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I need to make a java code that save an html to a txt file.

The problem is that the special chars in UTF-8 are broken.

Words like "Hamamélis" are saved in this way "Hamam�lis".

the code that i writed is listed down there:

    URLConnection conn;
                    conn = site.openConnection();
                    Charset charset = Charset.forName("UTF8");
                    BufferedReader in = new BufferedReader( new InputStreamReader(  conn.getInputStream(), "UTF-8"   )   );
                    buff = in.readLine();

And after:

out = new BufferedWriter(new OutputStreamWriter(new FileOutputStream(Nome), "UTF-8"));

Anyone can suggest me a solution?

share|improve this question
First, are you sure that the page you're downloading is UTF-8? Secondly, are you sure that your editor is opening the resulting text file as UTF-8? – icktoofay Sep 1 '12 at 3:18
@icktoofay: The page he's downloading is 100% UTF-8 (that's why he's seeing two characters for something that should display as one), but the page you're writing your program is not. Your problem is there. – Madara Uchiha Sep 1 '12 at 7:10
up vote 1 down vote accepted

One possible error is omitting the hyphen from "UTF-8" in the 4th line of your first piece of code. See the CharSet documentation.

Otherwise, code seems correct. But of course we cannot test it directly as we do not have your data.

For comparison, here is a little class I wrote. In a manner similar to your code, this class correctly writes your "Hamamélis" example's accented 'e' as the two octets expected in UTF-8 for a single (non-normalized) character: in hex 'C3' & 'A9'.


public class ReaderWriter {
    public static void main(String[] args) {
        try {
            String content = "Hamamélis. Written: " + new java.util.Date();

            File file = new File("some_text.txt");

            // Create file if not already existent. 
            if (!file.exists()) {

            FileOutputStream fileOutputStream = new FileOutputStream( file );
            OutputStreamWriter outputStreamWriter = new OutputStreamWriter( fileOutputStream, "UTF-8" );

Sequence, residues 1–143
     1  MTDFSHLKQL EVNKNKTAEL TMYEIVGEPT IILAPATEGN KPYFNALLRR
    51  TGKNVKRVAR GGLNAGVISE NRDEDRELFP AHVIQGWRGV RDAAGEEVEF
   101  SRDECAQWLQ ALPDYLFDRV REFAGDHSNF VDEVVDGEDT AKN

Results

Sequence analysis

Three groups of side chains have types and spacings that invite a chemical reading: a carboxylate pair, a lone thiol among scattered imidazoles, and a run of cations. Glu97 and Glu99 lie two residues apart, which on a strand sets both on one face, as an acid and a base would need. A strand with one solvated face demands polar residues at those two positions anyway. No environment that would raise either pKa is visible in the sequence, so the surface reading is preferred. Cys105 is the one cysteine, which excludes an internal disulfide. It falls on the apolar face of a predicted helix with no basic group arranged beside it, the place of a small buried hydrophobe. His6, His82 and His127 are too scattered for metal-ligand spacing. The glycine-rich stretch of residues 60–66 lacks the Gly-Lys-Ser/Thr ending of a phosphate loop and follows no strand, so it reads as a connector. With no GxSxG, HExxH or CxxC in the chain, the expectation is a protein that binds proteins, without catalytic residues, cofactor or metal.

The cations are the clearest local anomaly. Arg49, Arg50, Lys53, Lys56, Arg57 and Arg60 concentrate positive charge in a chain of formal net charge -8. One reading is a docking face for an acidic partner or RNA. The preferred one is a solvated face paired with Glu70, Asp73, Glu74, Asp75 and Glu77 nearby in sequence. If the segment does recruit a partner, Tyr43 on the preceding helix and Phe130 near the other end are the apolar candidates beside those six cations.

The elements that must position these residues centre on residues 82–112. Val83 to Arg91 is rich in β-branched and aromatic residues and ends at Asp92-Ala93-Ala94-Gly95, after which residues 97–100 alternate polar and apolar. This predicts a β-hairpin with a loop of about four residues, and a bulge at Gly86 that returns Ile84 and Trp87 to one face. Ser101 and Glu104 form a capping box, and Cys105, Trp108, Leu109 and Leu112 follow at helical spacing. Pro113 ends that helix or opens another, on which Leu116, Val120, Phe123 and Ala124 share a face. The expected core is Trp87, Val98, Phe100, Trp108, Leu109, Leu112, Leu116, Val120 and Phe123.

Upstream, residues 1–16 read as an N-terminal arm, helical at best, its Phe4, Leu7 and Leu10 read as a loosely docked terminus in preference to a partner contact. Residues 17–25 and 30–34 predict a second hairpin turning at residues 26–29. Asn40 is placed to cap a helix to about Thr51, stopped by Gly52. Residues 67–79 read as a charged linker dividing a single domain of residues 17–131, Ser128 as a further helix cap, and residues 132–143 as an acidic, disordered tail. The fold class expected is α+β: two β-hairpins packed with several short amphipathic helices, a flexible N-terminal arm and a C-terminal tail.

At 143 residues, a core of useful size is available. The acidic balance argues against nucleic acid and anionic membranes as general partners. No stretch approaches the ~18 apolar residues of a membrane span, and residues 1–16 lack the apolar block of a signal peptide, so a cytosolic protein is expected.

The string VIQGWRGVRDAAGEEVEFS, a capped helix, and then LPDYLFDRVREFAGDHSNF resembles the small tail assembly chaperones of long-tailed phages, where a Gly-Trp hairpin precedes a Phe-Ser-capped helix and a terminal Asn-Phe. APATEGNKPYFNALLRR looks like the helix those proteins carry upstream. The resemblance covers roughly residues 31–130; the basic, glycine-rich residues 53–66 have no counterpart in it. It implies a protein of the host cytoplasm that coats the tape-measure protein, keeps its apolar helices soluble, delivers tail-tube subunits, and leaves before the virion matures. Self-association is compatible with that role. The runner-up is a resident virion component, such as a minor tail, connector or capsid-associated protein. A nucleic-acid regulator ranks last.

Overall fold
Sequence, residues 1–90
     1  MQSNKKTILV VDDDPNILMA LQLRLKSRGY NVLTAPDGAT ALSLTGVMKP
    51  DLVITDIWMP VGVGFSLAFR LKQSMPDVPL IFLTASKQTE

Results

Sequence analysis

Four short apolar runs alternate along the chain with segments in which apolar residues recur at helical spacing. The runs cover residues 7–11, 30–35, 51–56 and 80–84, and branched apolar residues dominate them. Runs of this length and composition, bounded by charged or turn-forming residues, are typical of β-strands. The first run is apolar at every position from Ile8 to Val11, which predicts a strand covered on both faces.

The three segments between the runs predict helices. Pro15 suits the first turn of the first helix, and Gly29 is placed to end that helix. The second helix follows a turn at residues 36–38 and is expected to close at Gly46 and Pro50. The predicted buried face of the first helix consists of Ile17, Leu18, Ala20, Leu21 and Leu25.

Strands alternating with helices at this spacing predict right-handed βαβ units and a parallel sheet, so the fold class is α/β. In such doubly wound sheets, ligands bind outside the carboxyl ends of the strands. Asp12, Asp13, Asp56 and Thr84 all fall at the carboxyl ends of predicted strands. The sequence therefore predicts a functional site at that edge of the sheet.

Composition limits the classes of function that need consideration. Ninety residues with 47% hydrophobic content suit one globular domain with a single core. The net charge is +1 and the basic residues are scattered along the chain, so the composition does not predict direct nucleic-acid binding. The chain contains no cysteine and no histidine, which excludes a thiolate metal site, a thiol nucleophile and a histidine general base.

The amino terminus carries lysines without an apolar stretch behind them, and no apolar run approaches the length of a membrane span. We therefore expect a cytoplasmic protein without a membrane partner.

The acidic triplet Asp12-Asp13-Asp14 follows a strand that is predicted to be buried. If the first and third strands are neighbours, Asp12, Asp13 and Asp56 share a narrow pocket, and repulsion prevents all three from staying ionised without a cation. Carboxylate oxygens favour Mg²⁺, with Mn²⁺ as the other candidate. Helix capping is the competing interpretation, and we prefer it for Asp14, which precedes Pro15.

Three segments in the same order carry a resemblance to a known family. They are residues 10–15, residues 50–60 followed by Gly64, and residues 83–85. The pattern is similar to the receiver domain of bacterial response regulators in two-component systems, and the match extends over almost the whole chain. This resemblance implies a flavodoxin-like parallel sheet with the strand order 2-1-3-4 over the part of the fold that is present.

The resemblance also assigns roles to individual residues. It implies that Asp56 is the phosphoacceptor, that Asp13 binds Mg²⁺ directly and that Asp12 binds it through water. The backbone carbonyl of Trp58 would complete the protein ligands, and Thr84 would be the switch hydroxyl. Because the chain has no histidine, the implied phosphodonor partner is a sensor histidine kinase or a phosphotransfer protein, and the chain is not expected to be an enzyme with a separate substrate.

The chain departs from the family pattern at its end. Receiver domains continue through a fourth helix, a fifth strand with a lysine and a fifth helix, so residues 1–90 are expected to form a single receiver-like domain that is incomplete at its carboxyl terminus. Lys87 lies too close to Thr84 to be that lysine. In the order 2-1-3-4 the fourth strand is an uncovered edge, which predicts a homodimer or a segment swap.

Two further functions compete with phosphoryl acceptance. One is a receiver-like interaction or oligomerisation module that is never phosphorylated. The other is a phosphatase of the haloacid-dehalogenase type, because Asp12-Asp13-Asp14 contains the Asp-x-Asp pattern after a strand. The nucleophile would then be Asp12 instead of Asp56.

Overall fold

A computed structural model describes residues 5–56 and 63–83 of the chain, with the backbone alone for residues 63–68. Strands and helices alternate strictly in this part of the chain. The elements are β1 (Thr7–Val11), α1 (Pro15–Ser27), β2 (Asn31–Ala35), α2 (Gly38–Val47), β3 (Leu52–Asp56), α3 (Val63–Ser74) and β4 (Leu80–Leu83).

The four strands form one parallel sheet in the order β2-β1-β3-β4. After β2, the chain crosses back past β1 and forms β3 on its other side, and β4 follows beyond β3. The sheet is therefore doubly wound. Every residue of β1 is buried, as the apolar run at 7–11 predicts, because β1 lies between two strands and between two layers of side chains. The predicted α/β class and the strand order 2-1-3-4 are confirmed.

BufferedWriter bufferedWriter = new BufferedWriter( outputStreamWriter );
            bufferedWriter.write( content );

            System.out.println("ReaderWriter 'main' method is done. " + new java.util.Date() );

        } catch (IOException e) {

As icktoofay commented, you should dig deeper to discover exactly what octets are involved. Use a hex editor like this "File Viewer" app I found today on the Mac App Store to see the exact octets in your saved file.

If the octets are C3 & A9, then the problem is simply that the text editor you used to look at the file as text used the wrong character encoding. For example, you can open that text file in a web browser, and use its menu commands to re-interpret the file as UTF-8.

If the octets are not C3 & A9, I would go further back to examine the input's octets.

If you do not understand that text files in computers actually contain numbers (not text in the human sense), then take a break from coding to read this entertaining article: The Absolute Minimum Every Software Developer Absolutely, Positively Must Know About Unicode and Character Sets (No Excuses!) by Joel Spolsky

share|improve this answer
With your example, i write successfully "Hamamélis" in my txt file and my editor see it well. The problem still there if i try to write what i get form the html page. The page that i'm' trying to save is this: link. – Univers3 Sep 1 '12 at 10:39
Yeah the problem was that the encoding is "iso-8859-1" and not "UTF-8" Thank you, and thanks to icktoofay too. – Univers3 Sep 1 '12 at 17:27
Glad you solved your problem. The lesson to learn is that text files and streams rarely have meta-data declaring their character encoding. You must learn from their source what encoding was used. And then test to verify the encoding. Never assume. – Basil Bourque Sep 5 '12 at 17:08

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